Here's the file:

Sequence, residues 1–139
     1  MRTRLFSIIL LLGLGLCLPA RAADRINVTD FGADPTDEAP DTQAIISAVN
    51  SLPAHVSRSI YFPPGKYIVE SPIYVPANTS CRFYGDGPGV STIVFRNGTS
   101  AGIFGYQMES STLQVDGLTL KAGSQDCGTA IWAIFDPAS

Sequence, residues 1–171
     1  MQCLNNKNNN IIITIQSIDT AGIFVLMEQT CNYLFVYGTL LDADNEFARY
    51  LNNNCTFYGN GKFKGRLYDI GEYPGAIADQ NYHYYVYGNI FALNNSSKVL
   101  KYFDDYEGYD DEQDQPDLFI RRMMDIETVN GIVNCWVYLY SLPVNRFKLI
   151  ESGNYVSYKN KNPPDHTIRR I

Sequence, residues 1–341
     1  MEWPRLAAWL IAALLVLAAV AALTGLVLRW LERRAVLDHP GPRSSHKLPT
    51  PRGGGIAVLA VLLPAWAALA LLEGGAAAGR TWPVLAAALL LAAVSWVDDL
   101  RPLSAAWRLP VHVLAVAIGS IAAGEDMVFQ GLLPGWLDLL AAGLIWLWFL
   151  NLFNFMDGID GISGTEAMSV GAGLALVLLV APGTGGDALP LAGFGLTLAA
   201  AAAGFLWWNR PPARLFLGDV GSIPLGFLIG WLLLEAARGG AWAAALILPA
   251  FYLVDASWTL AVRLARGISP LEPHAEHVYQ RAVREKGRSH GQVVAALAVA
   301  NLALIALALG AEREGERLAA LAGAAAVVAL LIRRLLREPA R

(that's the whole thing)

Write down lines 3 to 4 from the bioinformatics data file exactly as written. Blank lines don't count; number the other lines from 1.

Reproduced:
    51  SLPAHVSRSI YFPPGKYIVE SPIYVPANTS CRFYGDGPGV STIVFRNGTS
   101  AGIFGYQMES STLQVDGLTL KAGSQDCGTA IWAIFDPAS